What can we do as consumers?
We have to educate ourselves. The information is out there for us to make informed decisions as ethical consumers. There are companies that do appear to pay their workers peanuts, but for the majority of people in poverty getting paid something is better than starving to death. Factories branded as 'sweatshops' can improve the standard of living of workers, I know I'd rather work in a sweatshop with guaranteed income than have to search through landfill sites contaminated with toxic or medical waste with no guarantee of income. Having said that though, I do feel that more can be done to improve the conditions within sweatshops and improve the standard of living for workers. Offering a hot meal, a minimum wage, regular breaks, better lighting, education programmes or living arrangements courtesy of the company would go some way to ameliorate the situation for workers.

Things will not improve overnight but we can take informed collective action. We have consumer power, there are companies who do support their workers and treat them as more than a commodity. We have to favour companies who actively work ethically, H&M and Gap have been named as ethical apparel producers so it isn't like you have to pay through the nose to be an ethical consumer. Remember that expensive does not necessarily mean no exploitation as is the case with Foxconn. Other lists of ethical companies can be found here.

Now I'm not going to pretend that I will completely overhaul my spending habits but I am going to, and have been, adjusting my habits. Where possible I will shop with ethical companies and I shall support companies that treat their workers well. I will also be supporting charities that campaign for improved working conditions like this one. Some people will criticise me for my feeble attempt at being ethically aware, but it is better than what I was doing before and I'm hoping that this post will bring a little bit of attention to this issue even if it is just in passing. If you've managed to read this all the way to the end then well done you, because I'm sure some people will just skip past this.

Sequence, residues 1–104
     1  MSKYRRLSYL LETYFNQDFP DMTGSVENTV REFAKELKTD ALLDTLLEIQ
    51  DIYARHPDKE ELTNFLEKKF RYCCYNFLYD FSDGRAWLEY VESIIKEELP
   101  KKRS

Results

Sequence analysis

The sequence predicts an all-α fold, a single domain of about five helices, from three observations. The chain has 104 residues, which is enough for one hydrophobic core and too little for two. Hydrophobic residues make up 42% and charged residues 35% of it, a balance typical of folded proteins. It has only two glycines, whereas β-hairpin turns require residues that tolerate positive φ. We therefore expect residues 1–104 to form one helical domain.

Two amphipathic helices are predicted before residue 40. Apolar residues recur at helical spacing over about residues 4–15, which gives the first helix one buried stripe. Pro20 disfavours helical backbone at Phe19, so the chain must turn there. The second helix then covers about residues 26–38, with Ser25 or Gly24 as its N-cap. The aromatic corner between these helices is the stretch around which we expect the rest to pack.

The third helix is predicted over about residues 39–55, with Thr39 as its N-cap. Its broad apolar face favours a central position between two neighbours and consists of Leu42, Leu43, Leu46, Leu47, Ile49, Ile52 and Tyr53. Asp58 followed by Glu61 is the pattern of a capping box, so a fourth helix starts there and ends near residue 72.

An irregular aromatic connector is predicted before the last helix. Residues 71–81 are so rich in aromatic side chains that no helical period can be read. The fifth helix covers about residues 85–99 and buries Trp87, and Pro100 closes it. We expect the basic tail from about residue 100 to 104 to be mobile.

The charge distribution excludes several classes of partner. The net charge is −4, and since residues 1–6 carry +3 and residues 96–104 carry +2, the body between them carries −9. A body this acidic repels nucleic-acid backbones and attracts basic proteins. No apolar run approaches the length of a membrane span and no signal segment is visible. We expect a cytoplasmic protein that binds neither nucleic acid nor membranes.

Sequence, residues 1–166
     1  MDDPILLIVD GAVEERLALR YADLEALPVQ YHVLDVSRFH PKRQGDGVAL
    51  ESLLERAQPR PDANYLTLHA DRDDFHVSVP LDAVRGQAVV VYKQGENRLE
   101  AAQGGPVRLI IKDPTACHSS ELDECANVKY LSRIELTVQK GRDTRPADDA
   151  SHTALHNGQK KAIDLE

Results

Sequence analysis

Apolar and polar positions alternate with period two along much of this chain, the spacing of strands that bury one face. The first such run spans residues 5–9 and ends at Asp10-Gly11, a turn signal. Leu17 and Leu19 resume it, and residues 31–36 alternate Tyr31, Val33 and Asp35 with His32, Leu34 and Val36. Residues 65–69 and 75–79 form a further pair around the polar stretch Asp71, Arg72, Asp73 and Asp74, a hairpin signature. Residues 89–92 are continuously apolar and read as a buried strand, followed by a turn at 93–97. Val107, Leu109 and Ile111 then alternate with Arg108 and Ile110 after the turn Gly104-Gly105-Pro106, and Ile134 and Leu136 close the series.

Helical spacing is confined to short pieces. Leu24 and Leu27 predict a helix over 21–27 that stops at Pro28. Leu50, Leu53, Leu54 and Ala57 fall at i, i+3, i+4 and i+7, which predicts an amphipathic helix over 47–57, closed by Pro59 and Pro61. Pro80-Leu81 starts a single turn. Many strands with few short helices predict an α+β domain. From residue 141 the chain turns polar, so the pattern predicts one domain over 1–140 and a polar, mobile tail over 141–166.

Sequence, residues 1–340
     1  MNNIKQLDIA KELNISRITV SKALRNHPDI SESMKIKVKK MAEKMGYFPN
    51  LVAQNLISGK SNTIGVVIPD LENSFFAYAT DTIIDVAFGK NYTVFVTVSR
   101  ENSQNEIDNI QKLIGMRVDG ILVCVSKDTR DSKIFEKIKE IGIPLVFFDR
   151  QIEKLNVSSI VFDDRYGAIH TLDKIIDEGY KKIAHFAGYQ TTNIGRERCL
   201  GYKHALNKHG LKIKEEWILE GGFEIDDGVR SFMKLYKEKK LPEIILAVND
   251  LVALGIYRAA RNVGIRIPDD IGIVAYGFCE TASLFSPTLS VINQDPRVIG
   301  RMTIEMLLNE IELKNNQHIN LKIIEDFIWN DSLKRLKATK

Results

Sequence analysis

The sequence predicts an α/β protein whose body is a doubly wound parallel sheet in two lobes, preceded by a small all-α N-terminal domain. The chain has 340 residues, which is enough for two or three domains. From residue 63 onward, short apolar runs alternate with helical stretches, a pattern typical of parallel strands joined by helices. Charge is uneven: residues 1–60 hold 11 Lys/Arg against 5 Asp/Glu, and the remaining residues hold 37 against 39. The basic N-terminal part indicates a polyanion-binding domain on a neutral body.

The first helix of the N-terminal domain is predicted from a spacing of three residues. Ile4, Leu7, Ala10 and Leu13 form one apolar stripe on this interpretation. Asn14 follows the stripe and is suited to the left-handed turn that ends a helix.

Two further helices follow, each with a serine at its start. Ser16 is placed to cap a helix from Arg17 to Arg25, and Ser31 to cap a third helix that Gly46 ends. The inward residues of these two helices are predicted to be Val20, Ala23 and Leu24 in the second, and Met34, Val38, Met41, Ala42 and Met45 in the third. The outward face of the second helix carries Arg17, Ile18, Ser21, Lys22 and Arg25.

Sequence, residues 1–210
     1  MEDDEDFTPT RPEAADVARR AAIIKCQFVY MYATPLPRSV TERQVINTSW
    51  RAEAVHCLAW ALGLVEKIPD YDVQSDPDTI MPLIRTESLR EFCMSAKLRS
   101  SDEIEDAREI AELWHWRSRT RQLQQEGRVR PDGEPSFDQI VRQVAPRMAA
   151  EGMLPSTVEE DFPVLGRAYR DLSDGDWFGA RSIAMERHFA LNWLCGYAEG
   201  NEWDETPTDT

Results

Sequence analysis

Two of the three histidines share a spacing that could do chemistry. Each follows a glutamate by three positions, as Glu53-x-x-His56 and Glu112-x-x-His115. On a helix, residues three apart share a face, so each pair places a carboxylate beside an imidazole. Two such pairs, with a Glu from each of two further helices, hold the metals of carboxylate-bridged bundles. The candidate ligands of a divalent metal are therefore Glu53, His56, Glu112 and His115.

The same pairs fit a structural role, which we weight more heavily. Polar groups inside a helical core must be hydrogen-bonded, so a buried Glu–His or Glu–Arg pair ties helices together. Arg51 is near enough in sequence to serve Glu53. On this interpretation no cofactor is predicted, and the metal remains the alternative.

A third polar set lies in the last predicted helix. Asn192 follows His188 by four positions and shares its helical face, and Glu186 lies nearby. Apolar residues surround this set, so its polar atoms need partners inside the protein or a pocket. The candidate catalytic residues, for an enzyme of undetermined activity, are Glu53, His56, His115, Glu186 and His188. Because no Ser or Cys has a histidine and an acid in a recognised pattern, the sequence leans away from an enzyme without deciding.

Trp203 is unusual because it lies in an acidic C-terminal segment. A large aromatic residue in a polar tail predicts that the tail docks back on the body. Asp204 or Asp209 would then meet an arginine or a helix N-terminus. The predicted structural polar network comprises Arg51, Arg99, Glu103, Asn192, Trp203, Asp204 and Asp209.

I'd love to hear what other people have to say about this issue, so please comment


  1. Oh yes ... The truth hurts ... But you're absolutely right!
    Thanks for this post! We have to talk about it!

    Katherine Unique

    1. I think people just stay in denial because it is easier for them. I accept that my spending practices aren't ethical and I'd like to do something about it!

  2. These kind of eye openers are really necessary for me because most of the time I don't give a second thought to anything I buy, it's a good reminder for me to double check that I'm not supporting something that appalls me!


Did you know that in the film Toy Story, Sid's hallway carpet is the same design as the hallway carpet in The Shining? That's well creepy.

Heeeeeeeeeeeeres Jonny!